Here's Why Apple Stock Is Still Dirt Cheap

Markets Motley Fool

A company's stock price reflects investors' collective view of how much money that company will make in the years ahead. Generally speaking, when it trades at a high price-to-earnings ratio, investors expect rapid profit growth.

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Conversely, when a company trades at a low P/E ratio, it often means that investors don't expect that company to enjoy rapid earnings growth.

Apple (NASDAQ: AAPL), which is arguably the world's most successful technology company, currently trades at about 15 times expected fiscal year 2018 earnings.

By comparison, tech giants Alphabet and Microsoft trade at roughly 32 times and 25 times projected earnings for the coming year.

Given that Apple is currently in the midst of what is likely to be an iPhone "super cycle," during which the company is likely to see a surge in its iPhone revenue and profits, it might be surprising to see the stock trading so cheaply.

Here's why I think investors aren't yet willing to pay a higher multiple for the shares.

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Analysts expect profit growth to flatline

Website 4-Traders publishes an up-to-date table of the average estimates of Apple's future financial performance. Per that table, analysts expect Apple to deliver substantial revenue and profit growth during fiscal year 2018.

Revenue is expected to surge from $229.23 billion in FY 2017 to a whopping $274.23 billion in FY 2018, which ends in September 2018. Operating profit and net income are expected to surge to $74.8 billion and $57.2 billion, respectively, from the $61.34 billion and $48.35 billion that Apple took in during fiscal year 2017.

That's a lot of profit growth, and if Apple hits those numbers in the current fiscal year, it'll enjoy record revenue, record operating profit, and record net income. Those figures, amplified by the company's aggressive stock repurchase activity, should easily translate into record earnings per share.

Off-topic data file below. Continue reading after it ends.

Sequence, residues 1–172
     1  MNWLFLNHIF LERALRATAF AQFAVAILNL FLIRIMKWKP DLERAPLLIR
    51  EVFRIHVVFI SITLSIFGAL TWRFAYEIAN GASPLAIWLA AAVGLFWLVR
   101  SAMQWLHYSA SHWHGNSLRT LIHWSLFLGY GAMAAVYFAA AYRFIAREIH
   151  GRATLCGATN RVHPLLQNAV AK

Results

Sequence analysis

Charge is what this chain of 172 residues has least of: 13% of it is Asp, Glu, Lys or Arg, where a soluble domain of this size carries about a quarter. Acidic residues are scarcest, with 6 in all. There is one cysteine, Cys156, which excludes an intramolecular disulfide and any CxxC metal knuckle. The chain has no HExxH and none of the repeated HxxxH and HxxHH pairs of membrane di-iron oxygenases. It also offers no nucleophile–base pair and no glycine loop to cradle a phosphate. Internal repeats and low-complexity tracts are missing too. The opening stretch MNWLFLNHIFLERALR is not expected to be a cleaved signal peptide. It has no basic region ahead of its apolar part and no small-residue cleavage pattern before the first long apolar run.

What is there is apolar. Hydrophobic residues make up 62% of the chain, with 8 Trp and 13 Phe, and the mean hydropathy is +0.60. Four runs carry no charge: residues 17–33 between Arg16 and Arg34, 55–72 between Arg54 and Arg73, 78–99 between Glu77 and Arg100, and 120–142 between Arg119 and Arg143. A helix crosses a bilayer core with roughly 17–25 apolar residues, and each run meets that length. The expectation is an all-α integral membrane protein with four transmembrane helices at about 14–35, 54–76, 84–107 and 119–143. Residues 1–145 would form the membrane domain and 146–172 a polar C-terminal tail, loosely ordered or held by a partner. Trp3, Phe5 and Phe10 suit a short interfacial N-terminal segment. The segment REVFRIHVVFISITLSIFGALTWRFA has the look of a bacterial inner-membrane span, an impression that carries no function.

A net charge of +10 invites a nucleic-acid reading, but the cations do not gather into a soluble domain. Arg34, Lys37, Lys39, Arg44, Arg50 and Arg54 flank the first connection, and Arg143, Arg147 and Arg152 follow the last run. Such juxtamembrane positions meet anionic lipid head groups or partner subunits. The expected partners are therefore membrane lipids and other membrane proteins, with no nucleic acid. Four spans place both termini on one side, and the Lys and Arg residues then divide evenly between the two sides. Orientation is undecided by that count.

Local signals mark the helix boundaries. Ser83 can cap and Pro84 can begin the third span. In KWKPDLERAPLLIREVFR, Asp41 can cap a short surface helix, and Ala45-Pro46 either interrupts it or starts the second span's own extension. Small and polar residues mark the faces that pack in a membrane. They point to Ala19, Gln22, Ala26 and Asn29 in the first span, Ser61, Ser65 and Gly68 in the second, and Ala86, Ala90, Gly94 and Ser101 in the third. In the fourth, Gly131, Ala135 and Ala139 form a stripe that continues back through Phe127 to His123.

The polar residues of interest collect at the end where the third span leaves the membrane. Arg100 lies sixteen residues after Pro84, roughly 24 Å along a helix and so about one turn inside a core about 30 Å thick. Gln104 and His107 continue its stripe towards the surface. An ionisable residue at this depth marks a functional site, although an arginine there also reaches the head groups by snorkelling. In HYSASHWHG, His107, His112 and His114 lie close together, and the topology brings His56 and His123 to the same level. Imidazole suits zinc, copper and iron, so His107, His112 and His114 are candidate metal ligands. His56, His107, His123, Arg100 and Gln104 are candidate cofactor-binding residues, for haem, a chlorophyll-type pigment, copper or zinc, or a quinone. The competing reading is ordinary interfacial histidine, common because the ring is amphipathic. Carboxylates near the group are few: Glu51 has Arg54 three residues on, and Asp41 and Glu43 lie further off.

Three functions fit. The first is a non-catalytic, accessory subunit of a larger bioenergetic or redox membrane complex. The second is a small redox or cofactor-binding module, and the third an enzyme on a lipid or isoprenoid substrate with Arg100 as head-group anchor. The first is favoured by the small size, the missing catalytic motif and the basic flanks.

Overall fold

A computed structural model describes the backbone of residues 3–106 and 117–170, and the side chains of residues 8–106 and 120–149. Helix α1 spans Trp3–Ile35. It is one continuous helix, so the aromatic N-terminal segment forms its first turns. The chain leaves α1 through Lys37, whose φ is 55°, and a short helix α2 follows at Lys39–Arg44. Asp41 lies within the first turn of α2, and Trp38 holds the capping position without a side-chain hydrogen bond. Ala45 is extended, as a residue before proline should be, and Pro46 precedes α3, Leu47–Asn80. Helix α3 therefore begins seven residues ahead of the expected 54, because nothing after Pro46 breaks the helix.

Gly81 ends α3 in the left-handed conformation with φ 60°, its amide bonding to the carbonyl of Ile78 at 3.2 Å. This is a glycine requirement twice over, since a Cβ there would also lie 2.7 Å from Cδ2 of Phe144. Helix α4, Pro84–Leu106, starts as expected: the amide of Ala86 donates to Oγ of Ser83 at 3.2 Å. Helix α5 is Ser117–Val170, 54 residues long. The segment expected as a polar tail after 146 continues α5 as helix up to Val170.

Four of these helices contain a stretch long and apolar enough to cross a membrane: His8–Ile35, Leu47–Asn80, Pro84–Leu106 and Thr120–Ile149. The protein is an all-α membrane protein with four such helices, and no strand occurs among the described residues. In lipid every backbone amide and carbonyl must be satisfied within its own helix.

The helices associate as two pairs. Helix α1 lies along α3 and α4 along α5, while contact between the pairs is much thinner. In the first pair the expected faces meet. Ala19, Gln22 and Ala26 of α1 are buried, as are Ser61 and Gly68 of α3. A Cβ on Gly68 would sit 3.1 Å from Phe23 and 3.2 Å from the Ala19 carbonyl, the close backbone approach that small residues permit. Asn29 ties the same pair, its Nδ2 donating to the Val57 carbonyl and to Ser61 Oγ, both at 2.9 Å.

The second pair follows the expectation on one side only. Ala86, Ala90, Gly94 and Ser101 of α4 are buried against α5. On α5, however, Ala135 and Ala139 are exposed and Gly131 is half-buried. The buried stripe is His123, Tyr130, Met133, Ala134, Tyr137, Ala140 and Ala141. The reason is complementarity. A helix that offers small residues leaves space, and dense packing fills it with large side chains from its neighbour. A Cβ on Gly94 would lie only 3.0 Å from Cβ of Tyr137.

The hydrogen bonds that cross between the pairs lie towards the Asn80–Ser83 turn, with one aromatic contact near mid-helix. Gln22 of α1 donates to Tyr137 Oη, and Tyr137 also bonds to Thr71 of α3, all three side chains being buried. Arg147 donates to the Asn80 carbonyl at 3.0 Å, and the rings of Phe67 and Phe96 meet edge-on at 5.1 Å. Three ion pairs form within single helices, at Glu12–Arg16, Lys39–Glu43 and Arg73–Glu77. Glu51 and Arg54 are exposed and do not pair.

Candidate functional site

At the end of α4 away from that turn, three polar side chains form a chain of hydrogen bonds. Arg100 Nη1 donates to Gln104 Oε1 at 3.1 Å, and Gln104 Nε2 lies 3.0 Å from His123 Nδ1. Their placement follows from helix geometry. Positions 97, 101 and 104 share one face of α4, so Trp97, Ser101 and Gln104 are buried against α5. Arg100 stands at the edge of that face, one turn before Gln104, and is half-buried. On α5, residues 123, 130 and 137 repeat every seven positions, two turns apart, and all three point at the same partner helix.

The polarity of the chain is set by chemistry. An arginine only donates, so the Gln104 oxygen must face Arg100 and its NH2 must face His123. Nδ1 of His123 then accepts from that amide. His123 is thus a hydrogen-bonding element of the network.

Unfortunately, analysts expect Apple's operating profit growth to slow to a snail's pace after the current fiscal year. Analysts predict operating profit to be about $75.2 billion in fiscal year 2019 (up less than a single percent) and $78.65 billion in fiscal year 2020, up less than 5% from fiscal 2019.

I don't have access to each analyst's research, but I suspect that analysts are cautious about the potential for iPhone growth after the super cycle that Apple is likely to enjoy during fiscal year 2018. I wouldn't even be surprised to see some analysts modeling year-over-year iPhone revenue declines during Apple's fiscal year 2019.

At the end of the day, investors often rely on consensus analyst estimates in trying to figure out how much revenue and profit growth a company is ultimately expected to deliver, so stock prices often reflect heavily those analyst expectations.  

The opportunity for investors

I think that at this point, a bet on Apple stock is a bet that the current iPhone product cycle won't represent close to peak iPhone revenue. Apple's other businesses -- iPad, Mac, Apple Watch, and even its services -- aren't large enough to allow Apple to deliver growth even in the face of flat-to-down iPhone sales.

For Apple to deliver robust revenue and profit growth, it needs to continue to grow its iPhone business.

So, if you're a potential Apple investor, here's how you might want to think about a potential investment in the shares. If you're convinced that its iPhone business will have room to run during fiscal years 2019, 2020, and even beyond, and if you're ultimately proven right, then Apple shares could go higher -- potentially much higher -- from here as Apple's financial performance outpaces analyst (and therefore investor) expectations. 

But if you agree with the idea that iPhone is set to flatline (or even decline) after this year  and you're looking for share price appreciation, you might be better off putting your hard-earned investment dollars elsewhere.

My sense is that the analysts are too pessimistic. While this year's iPhone X should help drive iPhone revenue up quite substantially, I think the introduction of a larger version of the iPhone X next year as well as a lower-cost LCD iPhone with a large, full-face display will help Apple deliver its strongest iPhone lineup ever

I can't help but think that Apple's iPhone growth momentum will persist through the following iPhone cycle as well. 

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Suzanne Frey, an executive at Alphabet, is a member of The Motley Fool’s board of directors. Teresa Kersten is an employee of LinkedIn and is a member of The Motley Fool’s board of directors. LinkedIn is owned by Microsoft. Ashraf Eassa has no position in any of the stocks mentioned. The Motley Fool owns shares of and recommends Alphabet (A shares), Alphabet (C shares), and Apple. The Motley Fool has the following options: long January 2020 $150 calls on Apple and short January 2020 $155 calls on Apple. The Motley Fool has a disclosure policy.